Hi I have a beehive in my shed wich I’m trying to relocate to a hive box what is the best method as we have already tried to get queen and bees into A hive box with limited success . It appears bees have just returned to old location in the shed and maybe 10% have stayed in hive box . They do appear to be making comb in there so has this been a success ?? Really don’t want to loose this colony of bees regards chad
Hiya Chad, welcome to the forum.
The best way to keep a swarm in the hive is to use some brood, either donated or cut out and fixed to empty frames.
There’s a good example of fixing cut out comb to frames in this thread.
Hope this helps.
You could not go far wrong with @skeggley 's advise. Also you could have the bees transfer to the new bee hive by having it inside the shed with a frame or two of brood to attract the bees into it. If the bees take to their new home then I would expect at some time a mass move into the new hive.
When that has happened you could lock the bees into the hive for an overnight move of at least10 klms (6 miles) and to put a bit of ‘clutter’ in front of the entrance for the bees to re-orientate to the new site. Leave them at that location for a week then move them to where you want the hive to sit.
…and if it’s warm to hot don’t forget they’ll need a water source if you leave them trapped in the hive for a while. You don’t want them dying of dehydration after going to all that effort.
It sounds like your attempt really has not worked- and that 10% of bees will soon be in trouble- especially if they have no queen and no eggs/larvae to make a queen. Even if they have the eggs and larvae there may not be enough bees to build and look after a queen.Or- if they have the queen- the ones in the shed will start making another queen- and the ones in the box may be too weak to keep their queen going… As Skeggley said the best thing is to cut out their comb and get it into new frames. Another good idea would be to do that- and then to move the new hive to a new location at least 5 KM’s away for at least 10 days. To do that you’d want to do the cutout and then leave the new box with the comb and bees right beside the original colony in the shed- until after dark when all the forager bees have returned and gone into the box.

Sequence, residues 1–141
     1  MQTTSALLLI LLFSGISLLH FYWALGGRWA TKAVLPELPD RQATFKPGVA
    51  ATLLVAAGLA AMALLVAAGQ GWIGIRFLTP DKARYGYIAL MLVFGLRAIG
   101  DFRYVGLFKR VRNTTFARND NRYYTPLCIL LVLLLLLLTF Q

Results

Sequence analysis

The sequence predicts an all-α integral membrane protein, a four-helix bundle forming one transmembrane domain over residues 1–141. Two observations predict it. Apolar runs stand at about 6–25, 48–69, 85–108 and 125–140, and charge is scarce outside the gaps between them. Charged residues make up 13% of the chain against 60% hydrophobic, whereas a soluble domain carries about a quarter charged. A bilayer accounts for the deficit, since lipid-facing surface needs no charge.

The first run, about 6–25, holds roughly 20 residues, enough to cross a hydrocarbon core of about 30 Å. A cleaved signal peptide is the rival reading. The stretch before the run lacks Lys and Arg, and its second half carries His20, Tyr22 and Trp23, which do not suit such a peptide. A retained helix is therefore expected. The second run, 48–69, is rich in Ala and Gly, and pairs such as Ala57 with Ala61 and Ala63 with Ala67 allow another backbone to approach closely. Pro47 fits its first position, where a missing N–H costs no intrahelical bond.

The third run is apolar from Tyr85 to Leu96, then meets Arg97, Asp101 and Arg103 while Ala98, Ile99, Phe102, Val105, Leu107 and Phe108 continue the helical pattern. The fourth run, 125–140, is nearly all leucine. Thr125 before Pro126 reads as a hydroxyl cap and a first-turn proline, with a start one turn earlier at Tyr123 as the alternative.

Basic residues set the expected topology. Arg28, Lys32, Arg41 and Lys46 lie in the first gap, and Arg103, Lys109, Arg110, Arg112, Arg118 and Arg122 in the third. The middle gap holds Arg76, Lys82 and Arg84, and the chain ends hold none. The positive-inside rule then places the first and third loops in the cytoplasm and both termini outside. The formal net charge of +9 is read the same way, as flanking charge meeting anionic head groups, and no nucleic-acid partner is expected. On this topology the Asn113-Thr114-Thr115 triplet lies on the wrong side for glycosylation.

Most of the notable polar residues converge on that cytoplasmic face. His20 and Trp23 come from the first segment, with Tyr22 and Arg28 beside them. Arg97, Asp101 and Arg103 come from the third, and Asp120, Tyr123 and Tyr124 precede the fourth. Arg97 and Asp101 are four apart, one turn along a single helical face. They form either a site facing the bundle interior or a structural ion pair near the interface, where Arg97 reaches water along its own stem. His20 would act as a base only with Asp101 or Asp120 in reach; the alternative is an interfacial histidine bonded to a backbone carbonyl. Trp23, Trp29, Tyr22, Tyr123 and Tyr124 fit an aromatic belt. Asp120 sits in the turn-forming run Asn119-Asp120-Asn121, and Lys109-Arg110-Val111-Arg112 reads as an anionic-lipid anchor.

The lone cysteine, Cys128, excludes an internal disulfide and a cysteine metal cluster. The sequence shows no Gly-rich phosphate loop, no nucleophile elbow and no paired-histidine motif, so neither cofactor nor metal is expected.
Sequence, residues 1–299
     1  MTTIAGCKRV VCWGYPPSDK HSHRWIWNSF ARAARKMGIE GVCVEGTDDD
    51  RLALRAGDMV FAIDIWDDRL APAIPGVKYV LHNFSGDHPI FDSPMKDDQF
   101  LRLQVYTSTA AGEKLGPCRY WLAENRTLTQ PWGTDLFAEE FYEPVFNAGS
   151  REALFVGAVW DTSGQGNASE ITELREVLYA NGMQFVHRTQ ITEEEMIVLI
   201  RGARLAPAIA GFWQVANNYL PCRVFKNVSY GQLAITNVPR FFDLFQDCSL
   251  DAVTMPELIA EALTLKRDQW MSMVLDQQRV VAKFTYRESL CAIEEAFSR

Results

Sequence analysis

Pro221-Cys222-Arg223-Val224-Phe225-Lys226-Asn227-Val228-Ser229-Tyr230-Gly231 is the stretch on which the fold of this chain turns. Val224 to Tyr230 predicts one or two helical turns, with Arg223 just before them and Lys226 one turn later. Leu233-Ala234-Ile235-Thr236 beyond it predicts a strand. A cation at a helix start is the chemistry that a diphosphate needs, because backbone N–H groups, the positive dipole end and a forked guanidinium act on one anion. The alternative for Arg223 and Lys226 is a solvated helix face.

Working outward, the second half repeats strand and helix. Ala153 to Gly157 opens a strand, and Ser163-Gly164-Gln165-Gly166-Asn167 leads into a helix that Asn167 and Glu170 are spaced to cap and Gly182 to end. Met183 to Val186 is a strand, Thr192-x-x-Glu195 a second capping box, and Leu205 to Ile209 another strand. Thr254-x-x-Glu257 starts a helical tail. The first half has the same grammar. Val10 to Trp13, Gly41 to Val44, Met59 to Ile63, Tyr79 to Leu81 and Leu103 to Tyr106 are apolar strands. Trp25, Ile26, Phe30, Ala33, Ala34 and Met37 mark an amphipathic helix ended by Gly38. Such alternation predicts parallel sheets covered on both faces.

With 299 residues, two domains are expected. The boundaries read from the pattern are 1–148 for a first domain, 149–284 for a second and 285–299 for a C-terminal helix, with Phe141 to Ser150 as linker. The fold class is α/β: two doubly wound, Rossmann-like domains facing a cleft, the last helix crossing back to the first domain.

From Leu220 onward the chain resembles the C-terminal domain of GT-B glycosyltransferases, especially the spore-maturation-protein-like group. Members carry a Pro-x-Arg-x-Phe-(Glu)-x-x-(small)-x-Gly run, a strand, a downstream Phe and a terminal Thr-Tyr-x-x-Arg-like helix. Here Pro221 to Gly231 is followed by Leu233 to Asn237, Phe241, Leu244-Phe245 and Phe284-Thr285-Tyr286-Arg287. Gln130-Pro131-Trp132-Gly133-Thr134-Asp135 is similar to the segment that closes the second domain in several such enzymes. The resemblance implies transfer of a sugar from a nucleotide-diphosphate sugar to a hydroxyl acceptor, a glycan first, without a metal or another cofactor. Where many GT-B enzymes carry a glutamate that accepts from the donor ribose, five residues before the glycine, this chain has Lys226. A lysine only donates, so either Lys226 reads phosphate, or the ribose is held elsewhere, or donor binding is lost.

As you discovered most of the bees returned to their original location. If you move the hive away for a period you can prevent that. Then later on you can move the hive back- once they have forgotten all about their original location.
The quicker you do this the better- as at least one half of your colony won’t have a queen right now. They will already be attempting to make one if they have the resources: enough bees and comb with eggs and/or young larvae. I don’t know- but I assume after a little more time the two halves of the original colony will not recognise each other and may be harder to combine.
Hi all thanks for the info regarding the relocation . Now I will have another shot at this and will bring the hive box inside the shed with some comb in it . If I do this in the evening and get as many bees in the box as possible should I shut the hive opening for a day or so to let them settle in . Kind regards
Once the bees have moved over into the new hive you could shut them in once they have some stores, then move the hive, preferably about 5 klm’s away for a week or two then bring them back to your apiary.
I had to move my apiary about 60 metres in direct line of sight to both locations, I moved them at night, thinking there would be a massing of bees and confusion back at the original sight, so I left a hive there to pick up the returners, there was about a thousand out of 10 hives. I left plenty of foliage crowding the hive entrances and I think that made it a successful move considering it is said that it can’t be done.
No, no, no, no. Not the evening. Sure all the bees are home but the problem is, is that all the bees are home…
Do it between 10 and 2. Once you have cut and fixed the comb leave the hive as close to the original place as you can. Either leave it for a couple of days or close it up and move it that night. Using an obstruction like branches of leaves at the entrance when you open up the hive in the new location. There will still be bees flying hopelessly lost at the old site for a few days.
But not in the evening!
But wait skegs - my understanding of the overnight move is that it refers to Step 2, closing off and moving the new box of bees & cut/banded comb, after Step 1 (the cutout) is done during daytime hours.